Independence Party Leader Bjarni Benediktsson told RÚV last night that if his conversations with the leaders of other parties don’t yield results before the weekend, he might have to return his mandate to form a government. Cooperation with the Left-Green Movement is off the table, according to him. Following Iceland’s parliamentary election October 29, in which the Independence Party emerged as the country’s largest political party, Bjarni was given the mandate to form a government.
He met with President Guðni Th. Jóhannesson Tuesday and told him of his intention to begin formal coalition talks this week. After a meeting with his party group yesterday, however, Bjarni did not sound optimistic.
This is what he had to say:
“There is a considerable divide between people on many levels, but now, I’m going to continue these conversations and see whether there is a basis for beginning actual negotiations with other parties on forming a government. And I stress that I don’t have any particular [option] in mind in favor of others in that respect, but otherwise, I’ll have to let this suffice for now and return the mandate; that may just be a reality which we face.”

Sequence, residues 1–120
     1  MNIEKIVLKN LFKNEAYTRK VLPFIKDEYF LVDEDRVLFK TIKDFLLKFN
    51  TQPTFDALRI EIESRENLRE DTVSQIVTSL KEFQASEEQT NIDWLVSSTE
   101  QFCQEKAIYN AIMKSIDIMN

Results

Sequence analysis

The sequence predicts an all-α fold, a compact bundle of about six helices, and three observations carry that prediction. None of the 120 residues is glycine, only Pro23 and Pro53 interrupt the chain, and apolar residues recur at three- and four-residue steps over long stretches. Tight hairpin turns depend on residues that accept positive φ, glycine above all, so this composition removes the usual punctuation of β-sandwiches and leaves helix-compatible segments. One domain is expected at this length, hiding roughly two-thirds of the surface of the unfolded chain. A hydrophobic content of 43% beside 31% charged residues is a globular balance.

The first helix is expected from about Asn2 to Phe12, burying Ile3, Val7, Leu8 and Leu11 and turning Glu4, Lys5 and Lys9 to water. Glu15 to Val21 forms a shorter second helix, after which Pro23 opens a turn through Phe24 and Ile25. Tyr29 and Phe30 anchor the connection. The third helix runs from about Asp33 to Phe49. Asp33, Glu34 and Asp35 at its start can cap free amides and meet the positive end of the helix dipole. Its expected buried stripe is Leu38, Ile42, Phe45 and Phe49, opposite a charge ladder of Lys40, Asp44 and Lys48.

Bjarni stated it is not clear what parties he will invite to the table. He denied there being opposition within the party group to collaboration with Bright Future and the Reform Party, but admitted that such collaboration included challenges. He described his cooperation with the Progressive Party as good so far and would like to keep it that way.
When asked about the Left-Green Movement, he responded, “We have spoken a few times,and I think it is out of the question to begin any talks between the parties.”